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How to Create Your College List

How to Create Your College List
July 29, 2015 Heather Owen

How to Create Your Perfect College List!

 

Creating your ideal college list can be a challenge. There are over 4,000 colleges in the United States. That is a lot of schools with which to become familiar! It is a big reason why families hire professionals to help them make these decisions, but you can start the process on your own. If you follow these different areas then you can begin comprising your perfect college list.

 

Geographic Location

 

One of the first things you can do to cut down a large list of 4,000 schools is limit your geographic area. Is it important for you to be a day’s drive from home? Do you want to be somewhere warm? Do you want to be somewhere with seasons? Think about the geographic detail you desire in a college, and be realistic. You may like the idea of snow, but consider what it is like to live in the snow too.

 

Once you have an idea of the type of area you’d like to live then you can use college search engines (free online) to begin looking at schools that are within your target area or target state.

 

Social Fit

 

The next thing you should examine is social fit. Every college campus has a different personality. Some schools have students who are more bohemian and interested in the earth. Some schools have students who are outgoing and big into Greek life on campus. Other schools have students who are very competitive and interested in exceling academically. What type of students would you like to live with for 4-5 years?

 

It is important that you have a social connection to your classmates. If you’re going to live somewhere for a few years then you need to have a sense of community and you must have friends. You can try looking up student surveys and campus life information on the college’s websites, but we recommend turning to college search engines and social media. College search engines typically offer unbiased information about what students said about the school. Social media allows you to access what real, live students say while attending that college. Try using Twitter or Instagram for this insiders look at a day in the life of a college student. #collegesearchsmart.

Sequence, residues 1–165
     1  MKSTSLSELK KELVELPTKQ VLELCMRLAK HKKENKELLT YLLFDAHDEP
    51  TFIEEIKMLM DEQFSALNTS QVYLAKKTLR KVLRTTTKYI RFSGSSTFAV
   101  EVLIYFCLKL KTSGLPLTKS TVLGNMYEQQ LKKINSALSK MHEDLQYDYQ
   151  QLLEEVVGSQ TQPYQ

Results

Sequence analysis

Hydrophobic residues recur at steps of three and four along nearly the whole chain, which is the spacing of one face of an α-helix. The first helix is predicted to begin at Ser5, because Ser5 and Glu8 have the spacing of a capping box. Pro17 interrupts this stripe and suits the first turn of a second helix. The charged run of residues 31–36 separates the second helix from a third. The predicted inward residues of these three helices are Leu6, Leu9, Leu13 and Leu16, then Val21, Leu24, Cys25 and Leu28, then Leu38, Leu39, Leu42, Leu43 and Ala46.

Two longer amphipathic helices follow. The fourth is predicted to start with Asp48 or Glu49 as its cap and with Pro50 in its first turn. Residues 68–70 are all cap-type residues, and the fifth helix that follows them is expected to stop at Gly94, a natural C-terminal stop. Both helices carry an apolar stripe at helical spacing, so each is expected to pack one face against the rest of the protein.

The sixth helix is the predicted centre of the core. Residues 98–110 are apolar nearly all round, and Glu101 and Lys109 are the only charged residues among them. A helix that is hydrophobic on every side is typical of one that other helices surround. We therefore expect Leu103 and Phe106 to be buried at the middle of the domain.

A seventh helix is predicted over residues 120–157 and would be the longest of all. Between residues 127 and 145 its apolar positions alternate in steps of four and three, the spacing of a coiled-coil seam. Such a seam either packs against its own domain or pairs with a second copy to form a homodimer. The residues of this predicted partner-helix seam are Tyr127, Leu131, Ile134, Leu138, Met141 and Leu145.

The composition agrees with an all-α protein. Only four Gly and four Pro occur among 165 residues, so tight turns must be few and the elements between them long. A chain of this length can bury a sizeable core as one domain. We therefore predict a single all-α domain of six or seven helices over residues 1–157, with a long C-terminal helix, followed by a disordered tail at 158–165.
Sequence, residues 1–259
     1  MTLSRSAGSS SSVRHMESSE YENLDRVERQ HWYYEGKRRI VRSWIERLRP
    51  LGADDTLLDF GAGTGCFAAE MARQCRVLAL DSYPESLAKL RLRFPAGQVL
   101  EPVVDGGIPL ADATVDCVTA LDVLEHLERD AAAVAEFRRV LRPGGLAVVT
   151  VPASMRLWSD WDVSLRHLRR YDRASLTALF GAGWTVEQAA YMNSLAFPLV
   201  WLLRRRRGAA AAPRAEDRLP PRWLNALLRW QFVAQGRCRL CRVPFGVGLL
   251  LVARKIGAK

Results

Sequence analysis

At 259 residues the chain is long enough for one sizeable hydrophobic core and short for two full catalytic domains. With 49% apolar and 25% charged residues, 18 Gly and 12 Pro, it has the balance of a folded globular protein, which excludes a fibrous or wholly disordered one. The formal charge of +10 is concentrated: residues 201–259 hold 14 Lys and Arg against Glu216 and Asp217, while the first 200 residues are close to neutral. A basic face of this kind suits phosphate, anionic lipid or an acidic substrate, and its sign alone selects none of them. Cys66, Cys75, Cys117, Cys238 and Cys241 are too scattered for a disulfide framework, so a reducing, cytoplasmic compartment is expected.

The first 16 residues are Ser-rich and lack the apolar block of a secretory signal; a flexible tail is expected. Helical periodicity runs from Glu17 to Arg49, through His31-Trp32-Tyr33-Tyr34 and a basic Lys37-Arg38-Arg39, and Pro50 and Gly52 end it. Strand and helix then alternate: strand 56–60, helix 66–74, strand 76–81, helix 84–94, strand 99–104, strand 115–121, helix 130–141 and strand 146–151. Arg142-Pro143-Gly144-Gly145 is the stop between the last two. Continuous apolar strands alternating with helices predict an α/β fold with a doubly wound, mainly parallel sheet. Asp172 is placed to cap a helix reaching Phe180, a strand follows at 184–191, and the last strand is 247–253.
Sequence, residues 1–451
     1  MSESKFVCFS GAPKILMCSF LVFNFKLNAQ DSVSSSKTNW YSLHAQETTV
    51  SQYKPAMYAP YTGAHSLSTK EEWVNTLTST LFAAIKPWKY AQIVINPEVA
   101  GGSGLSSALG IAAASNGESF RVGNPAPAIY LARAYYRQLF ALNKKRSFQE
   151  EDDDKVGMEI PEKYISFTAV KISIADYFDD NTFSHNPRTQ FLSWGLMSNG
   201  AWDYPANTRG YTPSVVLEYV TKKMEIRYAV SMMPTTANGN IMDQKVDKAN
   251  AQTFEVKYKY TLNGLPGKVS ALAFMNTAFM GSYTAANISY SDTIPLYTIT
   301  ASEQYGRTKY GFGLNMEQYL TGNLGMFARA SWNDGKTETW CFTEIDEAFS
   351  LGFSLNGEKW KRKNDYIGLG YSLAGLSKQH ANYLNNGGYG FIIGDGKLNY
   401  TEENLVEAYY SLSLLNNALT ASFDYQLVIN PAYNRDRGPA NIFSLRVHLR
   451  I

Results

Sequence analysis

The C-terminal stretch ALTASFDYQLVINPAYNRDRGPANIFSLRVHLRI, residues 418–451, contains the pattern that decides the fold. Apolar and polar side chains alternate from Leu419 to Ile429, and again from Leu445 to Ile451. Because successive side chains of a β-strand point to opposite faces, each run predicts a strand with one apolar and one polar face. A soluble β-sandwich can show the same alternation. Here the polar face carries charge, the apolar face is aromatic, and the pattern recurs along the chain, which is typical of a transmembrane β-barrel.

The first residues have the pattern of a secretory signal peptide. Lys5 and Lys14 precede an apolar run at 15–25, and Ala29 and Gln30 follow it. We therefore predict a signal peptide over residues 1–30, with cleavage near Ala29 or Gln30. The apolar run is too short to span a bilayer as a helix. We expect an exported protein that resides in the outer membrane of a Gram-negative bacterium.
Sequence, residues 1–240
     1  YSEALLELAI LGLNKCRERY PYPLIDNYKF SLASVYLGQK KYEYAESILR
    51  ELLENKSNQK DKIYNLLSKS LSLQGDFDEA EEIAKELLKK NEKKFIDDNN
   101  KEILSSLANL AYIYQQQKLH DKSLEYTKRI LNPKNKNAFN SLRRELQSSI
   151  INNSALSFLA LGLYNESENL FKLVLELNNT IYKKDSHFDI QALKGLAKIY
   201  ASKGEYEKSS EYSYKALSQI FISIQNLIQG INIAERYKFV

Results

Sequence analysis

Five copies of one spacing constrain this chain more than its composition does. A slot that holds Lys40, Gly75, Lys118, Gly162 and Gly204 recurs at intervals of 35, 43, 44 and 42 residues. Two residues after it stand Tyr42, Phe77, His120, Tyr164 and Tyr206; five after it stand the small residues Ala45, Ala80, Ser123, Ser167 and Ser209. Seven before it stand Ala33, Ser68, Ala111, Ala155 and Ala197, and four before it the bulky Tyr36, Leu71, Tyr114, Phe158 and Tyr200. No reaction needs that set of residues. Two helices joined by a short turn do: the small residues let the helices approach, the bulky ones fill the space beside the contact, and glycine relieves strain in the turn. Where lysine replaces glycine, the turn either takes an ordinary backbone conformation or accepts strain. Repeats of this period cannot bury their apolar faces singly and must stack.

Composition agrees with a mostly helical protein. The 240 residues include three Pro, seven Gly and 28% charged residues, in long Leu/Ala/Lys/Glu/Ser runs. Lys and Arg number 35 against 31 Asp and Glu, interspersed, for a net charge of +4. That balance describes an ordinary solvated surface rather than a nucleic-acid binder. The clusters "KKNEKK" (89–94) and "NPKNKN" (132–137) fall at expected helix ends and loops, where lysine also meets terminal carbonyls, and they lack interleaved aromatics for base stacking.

Program of Study

 

Another huge part of making your college list is examining the program of study. If you want to major in business, but your ideal college doesn’t offer that as a major, perhaps it isn’t the best place for you. Again, college is a chance to propel you towards opportunities. Networking, interning, researching, etc. are all great, but if you can’t get a degree in the field you need for your future career then you’re using college the wrong way. Use college search engines online to examine colleges who are reputable for certain programs and who offer your specific program of study.

 

Another piece to think about when it comes to program of study is finding a niche. If you want to pick a strong list of colleges and strategically leverage your chance to get accepted, then you should consider majors that are more specific (like Biochemistry instead of Biology or Astrophysics instead of Physics). When you have a niche you stand out more. There are less applicants looking to be admitted to these smaller fields, so it only helps your chances of showing your uniqueness and getting in!

 

Test Scores and Grades

 

When you’re putting together a list of colleges you must include academic information. By that I mean test scores and grades. If you’re applying to colleges who all average a 4.5 G.P.A. and a 34 ACT then you’re going to have some trouble. You need to have a range of colleges with different admission averages. This will ensure you get in somewhere great, and it can also help with financial aid.
If you’re scoring in the top 10-15% for admitted students then the school may want to make you a deal. Colleges want to attract the best and brightest. Consider applying to a few “safety schools” where you’d be considered for an honors program. This can help in terms of merit-based financial aid and in admission.

 

Affordability vs. Affluence

 

We touched on this a few chapters ago, but yes—it is here again. You really need to think long and hard about what your goals are in college planning. If you’re more concerned with where you get in and the prestige of that school then you’re looking at affluence. If you’re more concerned with how much the bill will be when it comes due, then you’re more concerned with affordability. Knowing this will be crucial when developing your college list.

 

We’ll get into more detail on financial aid later in the book (Chapter 10), but know this: colleges are not all generous. Some offer more financial aid than others. If affordability is a concern then you may want to scratch certain schools off of your list. This would avoid your student having to make a tough decision later if you can’t afford the bill. It also would save you the time and energy of applying and the cost of the application fee.

 

 

Now, you’ve done it! You’ve created something special. Or… you’re thoroughly overwhelmed.

 

If you need help getting ready for college, we highly recommend you call us. We’re happy to schedule a one hour, no-strings-attached college planning meeting. We can make sure you have a personalized plan to achieve your college goals.